*or if they do, it just seldomly finds the way online which gives me a false impression. Also possible.

In other news, I started working on a universal bending exolang. While it has no official name, I call it quuxlang. Quuxlang is spoken by human-like creatures, at least concerning the shape of their body. Their brain/mind probably works differently. Otherwise, they would not speak such a language. Let me summarize the weirdness:
* no nouns
* no personal pronouns
* no adjectives

So how does quuxlang work? It has relations of 2 or more objects/persons/etc and specifiers, which, well, specify the kind of relation it is. There are also particles which link the specified relation or give the rough equivalent to tenses. There are also pro-relations which are the equivalent to pronouns in other languages. Let me explain this via an example.

uku bantiNala NIa i xugulunYmY fuu i ikI xuhimunuksa fuu ela sijuntabURe ruI
ela sisipa kae i uku sihiHikatA li.

uku bantiNala NIa: uku is a tense which means that the relation existed, but the parts it consist of still exist, ba- is a prefix which indicates that this is a relevant disagreement for the story. It is kinda as if a special infection would be required in a book if hero and villain are used in the same clause. ntiNala means ‘a relation between human and dragon’ and NIa specifies it as a movement of an actor to a place.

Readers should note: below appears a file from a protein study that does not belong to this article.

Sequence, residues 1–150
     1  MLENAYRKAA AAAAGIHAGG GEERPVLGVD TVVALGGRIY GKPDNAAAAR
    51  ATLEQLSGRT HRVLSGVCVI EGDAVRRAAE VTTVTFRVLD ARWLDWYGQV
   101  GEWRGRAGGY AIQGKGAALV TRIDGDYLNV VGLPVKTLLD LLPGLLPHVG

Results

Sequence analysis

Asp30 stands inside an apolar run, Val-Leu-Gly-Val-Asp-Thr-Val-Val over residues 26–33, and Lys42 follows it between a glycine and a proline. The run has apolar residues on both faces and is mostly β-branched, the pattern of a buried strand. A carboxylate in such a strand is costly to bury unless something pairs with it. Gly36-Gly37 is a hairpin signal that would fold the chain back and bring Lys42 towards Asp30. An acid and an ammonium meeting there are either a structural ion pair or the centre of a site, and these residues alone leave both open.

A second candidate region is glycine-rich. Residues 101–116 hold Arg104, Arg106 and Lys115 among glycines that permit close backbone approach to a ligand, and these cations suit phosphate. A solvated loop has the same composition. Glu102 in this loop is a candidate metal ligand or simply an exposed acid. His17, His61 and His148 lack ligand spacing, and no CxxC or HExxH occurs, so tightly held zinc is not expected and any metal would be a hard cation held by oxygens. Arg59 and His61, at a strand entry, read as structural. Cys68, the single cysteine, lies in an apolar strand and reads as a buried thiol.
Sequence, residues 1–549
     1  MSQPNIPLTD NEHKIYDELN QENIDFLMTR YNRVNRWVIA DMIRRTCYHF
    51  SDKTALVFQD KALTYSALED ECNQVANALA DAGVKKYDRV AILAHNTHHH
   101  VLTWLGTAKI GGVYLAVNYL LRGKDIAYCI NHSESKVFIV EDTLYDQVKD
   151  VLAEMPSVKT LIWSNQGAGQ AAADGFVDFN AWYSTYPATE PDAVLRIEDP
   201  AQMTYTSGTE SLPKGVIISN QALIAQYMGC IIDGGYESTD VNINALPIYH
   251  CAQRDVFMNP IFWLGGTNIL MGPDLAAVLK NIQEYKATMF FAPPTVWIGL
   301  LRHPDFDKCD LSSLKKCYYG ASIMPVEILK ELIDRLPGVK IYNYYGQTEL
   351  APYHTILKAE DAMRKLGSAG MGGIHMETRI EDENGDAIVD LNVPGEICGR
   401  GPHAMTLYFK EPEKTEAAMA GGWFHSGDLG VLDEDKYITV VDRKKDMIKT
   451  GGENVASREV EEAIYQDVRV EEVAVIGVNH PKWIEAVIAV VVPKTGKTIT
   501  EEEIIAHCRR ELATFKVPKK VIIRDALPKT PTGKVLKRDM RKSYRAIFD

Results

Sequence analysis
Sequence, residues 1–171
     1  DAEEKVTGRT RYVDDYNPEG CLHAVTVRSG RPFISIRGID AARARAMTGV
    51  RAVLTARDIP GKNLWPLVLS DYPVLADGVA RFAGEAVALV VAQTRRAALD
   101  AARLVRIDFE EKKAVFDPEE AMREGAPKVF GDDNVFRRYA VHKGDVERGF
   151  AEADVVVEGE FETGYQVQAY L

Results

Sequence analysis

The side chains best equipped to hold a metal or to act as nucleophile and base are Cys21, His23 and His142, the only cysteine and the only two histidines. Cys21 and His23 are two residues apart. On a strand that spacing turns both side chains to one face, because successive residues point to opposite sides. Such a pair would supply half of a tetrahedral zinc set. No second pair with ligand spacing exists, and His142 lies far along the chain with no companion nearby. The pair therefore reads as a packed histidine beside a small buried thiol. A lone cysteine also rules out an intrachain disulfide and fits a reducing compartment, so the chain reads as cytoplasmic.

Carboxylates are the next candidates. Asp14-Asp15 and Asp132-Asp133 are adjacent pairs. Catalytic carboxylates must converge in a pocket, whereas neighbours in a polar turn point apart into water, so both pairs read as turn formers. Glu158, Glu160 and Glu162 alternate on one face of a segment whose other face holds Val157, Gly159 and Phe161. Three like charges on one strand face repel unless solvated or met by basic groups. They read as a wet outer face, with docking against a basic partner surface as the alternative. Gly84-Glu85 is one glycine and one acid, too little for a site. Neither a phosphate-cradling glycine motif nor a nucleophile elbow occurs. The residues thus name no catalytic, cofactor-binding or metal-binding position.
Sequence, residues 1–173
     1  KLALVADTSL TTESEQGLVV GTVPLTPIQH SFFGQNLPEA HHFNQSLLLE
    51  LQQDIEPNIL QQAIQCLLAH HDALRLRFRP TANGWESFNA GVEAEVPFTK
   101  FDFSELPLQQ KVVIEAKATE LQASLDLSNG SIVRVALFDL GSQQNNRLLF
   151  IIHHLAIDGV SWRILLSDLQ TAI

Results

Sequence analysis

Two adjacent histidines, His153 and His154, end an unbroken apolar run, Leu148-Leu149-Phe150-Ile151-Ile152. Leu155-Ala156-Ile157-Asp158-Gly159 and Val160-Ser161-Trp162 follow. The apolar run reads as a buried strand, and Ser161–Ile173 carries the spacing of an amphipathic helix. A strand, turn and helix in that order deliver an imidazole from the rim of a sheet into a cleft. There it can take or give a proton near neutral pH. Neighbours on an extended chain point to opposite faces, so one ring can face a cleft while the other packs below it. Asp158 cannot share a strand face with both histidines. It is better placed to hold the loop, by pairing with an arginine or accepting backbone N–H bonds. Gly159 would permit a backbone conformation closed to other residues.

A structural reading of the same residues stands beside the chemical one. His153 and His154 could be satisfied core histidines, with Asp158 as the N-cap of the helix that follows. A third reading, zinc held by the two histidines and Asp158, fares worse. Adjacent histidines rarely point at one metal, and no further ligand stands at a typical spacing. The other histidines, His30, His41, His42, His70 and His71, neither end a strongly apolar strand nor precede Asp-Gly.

i xugulunYmY fuu: i is the simultaneous ‘and’. The previous specified relation left it open who went where so this is now explained: ‘dragon and cave’ ‘actor sleeps at location’. The tense is not mentioned since it does not differ. The prefix xu- explains that the antagonist is described here.

i ikI xuhimunuksa fuu: As further specificatio it is added that the dragon sleeps near its eggs (‘dragon and eggs’ ‘actor sleeps at’). The tense ikI indicates that the relation no longer exists but existed.

ela sijuntabURe ruI: ela is the sequential ‘and’, though here, a ‘then’ would be a better translation. The prefix si- indicates that the protagonist is mentioned. The relation is ‘man and egg(s)’ and the specifier ‘man takes object’. Thus, the man takes the egg or eggs.

ela sisipa kae: si- is again the protagonist suffix and sipa is a pro-relation referring to the last mentioned relation, ie: the man and the unspecified number of eggs. The specifier now is ‘actor carries object’.

i uku sihiHikatA li: and simultaneously, with both parts of the relation still existing even though the relation does no longer, ‘the man and the village’ ‘actor returns to place’.

So the text is about a human who stole the egg or eggs of a sleeping dragon and brought them home into his village.

Is this confusing? I hope so. I got the idea for this language when I read a thread where someone wanted to create a weird language. Let me preempt a few objections you have: